Subscribe to VETERINARY PRACTICE NEWS   SUBSCRIBER SERVICES    Bookmark and Share
VPN Logo   
 Home   About Us   Contact Us
1:20 AM   April 20, 2014
Your E-mail:
 

 
Bookmark and Share
USDA’s National Institute of Food and Agriculture Requests VMLRP Applications

Posted: May 31, 2011, 5:50 p.m., EDT

The National Institute of Food and Agriculture (NIFA), United States Department of Agriculture (USDA) today posted a notice requesting applications for the Veterinary Medicine Loan Repayment Program (VMLRP).The National Institute of Food and Agriculture (NIFA), United States Department of Agriculture (USDA) today posted a notice requesting applications for the Veterinary Medicine Loan Repayment Program (VMLRP).

The FY 2011 VMLRP application package is now available online and applications are due by July 8.

The law that established funding for the VMLRP program was passed in January 2003. The law authorizes the secretary of agriculture to carry out a program of entering into agreements with veterinarians under which they agree to provide veterinary services in veterinarian shortage situations.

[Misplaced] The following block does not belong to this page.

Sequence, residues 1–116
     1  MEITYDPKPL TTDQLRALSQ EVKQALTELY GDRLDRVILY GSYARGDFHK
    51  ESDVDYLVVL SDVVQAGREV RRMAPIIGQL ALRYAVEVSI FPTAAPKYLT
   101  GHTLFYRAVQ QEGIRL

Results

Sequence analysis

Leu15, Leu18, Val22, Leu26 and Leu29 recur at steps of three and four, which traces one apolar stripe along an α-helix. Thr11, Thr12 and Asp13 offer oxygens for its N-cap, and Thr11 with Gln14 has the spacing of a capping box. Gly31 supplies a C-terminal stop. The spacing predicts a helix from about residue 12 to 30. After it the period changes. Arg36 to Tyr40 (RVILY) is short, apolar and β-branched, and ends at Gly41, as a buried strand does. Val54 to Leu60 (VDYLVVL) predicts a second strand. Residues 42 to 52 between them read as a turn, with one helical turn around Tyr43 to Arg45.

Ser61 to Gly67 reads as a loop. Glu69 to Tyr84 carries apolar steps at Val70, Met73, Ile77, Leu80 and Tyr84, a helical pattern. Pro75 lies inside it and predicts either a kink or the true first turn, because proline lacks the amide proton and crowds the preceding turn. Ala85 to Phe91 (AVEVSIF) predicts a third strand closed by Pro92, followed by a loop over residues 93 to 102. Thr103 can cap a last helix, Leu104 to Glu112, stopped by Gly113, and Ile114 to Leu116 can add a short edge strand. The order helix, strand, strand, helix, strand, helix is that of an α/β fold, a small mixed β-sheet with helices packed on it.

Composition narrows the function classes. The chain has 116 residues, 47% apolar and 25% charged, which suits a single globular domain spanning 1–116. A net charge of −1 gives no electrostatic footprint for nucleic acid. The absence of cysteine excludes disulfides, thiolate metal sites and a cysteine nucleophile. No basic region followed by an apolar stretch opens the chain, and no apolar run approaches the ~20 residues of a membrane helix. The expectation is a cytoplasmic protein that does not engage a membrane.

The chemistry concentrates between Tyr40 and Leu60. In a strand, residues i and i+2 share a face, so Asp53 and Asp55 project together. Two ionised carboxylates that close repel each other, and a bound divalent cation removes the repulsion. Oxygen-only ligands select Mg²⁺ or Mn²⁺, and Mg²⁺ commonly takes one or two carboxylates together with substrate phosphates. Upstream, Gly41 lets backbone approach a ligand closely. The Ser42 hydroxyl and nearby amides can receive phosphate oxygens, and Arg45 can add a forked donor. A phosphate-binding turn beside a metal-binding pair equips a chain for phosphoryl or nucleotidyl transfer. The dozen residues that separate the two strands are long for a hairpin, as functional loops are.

To get more information contact Gary Sherman with the U.S. Department of Agriculture at gsherman@nifa.usda.gov.

<Home>

 Give us your opinion on
USDA’s National Institute of Food and Agriculture Requests VMLRP Applications

Submit a Comment

Industry Professional Site: Comments from non-industry professionals will be removed.

Click here to subscribe

Subscriber Services

See all veterinary videos
Featured Vet Grooming Video 
Video Button
Facebook
BROUGHT TO YOU BY Veterinary Practice News

Copyright ©   I-5 Publishing, LLC. All rights reserved.
Our Privacy Policy has changed.
PRIVACY POLICY/YOUR CALIFORNIA PRIVACY RIGHTS.
Terms of Use | Guidelines for Participation

Gold Standard

*Content generated by our loyal visitors, which includes comments and club postings, is free of constraints from our editors’ red pens, and therefore not governed by I-5 Publishing, LLC’s Gold Standard Quality Content, but instead allowed to follow the free form expression necessary for quick, inspired and spontaneous communication.